7. ^ "Our organization". Doctors for Global Health. Retrieved 7 August 2012.
  8. ^ "Principles of Action". Doctors for Global Health. Retrieved 7 August 2012.
  9. ^ Smith, Lanny; Ken Hilsbos (Spring 1999). "Liberation Medicine: Health & Justice" (PDF). DGH Reporter.
  10. ^ "Empowering Communities". Albert Einstein College of Medicine. Retrieved 7 August 2012.
  11. ^ Kasper J; Smith CL (2010). "Liberation Medicine and Accompaniment in El Salvador: The Experience of Doctors for Global Health". In Beracochea E; Weinstein C; Evans D. Rights-Based Approaches to Public Health. New York: Springer. ISBN 0826105696.
  12. ^ "About us". Doctors for Global Health. Retrieved 7 August 2012.
  13. ^ "FAQ". Doctors for Global Health. Retrieved 7 August 2012.
  14. ^ "Human Rights and Advocacy Committee". Doctors for Global Health. Retrieved 7 August 2012.
  15. ^ "Action Alerts". Doctors for Global Health. Retrieved 7 August 2012.
  16. ^ "DREAM Act". Dream Activist- Undocumented Students Action and Resource Network. Retrieved 7 August 2012.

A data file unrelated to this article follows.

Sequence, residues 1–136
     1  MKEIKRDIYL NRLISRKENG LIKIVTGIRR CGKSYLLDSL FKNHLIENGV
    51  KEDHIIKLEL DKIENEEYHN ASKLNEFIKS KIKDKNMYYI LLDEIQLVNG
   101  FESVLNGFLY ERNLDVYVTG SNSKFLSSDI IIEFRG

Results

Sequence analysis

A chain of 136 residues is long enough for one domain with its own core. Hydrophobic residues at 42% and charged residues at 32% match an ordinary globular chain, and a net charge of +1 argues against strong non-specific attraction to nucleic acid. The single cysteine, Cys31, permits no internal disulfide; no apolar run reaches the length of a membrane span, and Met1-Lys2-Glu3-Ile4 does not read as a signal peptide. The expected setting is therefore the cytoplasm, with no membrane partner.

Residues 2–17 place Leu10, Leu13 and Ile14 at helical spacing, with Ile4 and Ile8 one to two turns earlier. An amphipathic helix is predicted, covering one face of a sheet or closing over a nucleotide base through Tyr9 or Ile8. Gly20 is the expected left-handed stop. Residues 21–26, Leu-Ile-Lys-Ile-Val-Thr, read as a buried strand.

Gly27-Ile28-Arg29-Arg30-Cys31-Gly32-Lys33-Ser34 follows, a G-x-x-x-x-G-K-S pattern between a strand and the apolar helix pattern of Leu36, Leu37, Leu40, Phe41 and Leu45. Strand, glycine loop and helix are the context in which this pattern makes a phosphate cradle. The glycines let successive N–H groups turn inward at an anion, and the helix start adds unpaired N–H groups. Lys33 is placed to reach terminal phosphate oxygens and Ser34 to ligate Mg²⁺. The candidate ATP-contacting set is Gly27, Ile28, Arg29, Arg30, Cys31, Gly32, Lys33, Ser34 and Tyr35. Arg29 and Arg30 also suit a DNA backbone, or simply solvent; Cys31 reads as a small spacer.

17. ^ "Close the School of the Americas". SOA Watch. Retrieved 7 August 2012.
  18. ^ "Resources". Occupy Public Health. Retrieved 7 August 2012.
  19. ^ "Estancia, El Salvador". Doctors for Global Health. Retrieved 7 August 2012.
  20. ^ "Santa Marta, El Salvador". Doctors for Global Health. Retrieved 7 August 2012.
  21. ^ "UNDP Announces 2010 Red Ribbon Award Winners". United Nations Development Program. Retrieved 7 August 2012.
  22. ^ "Chiapas, Mexico". Doctors for Global Health. Retrieved 7 August 2012.
  23. ^ "Going and Remaining Where Others are Afraid to Go". HealthLink: I (139). 1 July 2006. Retrieved 7 August 2012.
  24. ^ "Acceptance Speech". Doctors for Global Health.
  25. ^ "Uganda". Doctors for Global Health. Retrieved 7 August 2012.
  26. ^ "Guatemala". Doctors for Global Health. Retrieved 7 August 2012.
  27. ^ "Burundi". Doctors for Global Health. Retrieved 7 August 2012.
  28. ^ "Oaxaca". Doctors for Global Health. Retrieved 7 August 2012.
  29. ^ "United States". Doctors for Global Health. Retrieved 7 August 2012.
  30. ^ "Europe". Doctors for Global Health. Retrieved 7 August 2012.
  31. ^ "Canal TV". Universidad de Malaga. Retrieved 7 August 2012.
  32. ^ "The People's Charter for Health". People's Health Movement. Retrieved 7 August 2012.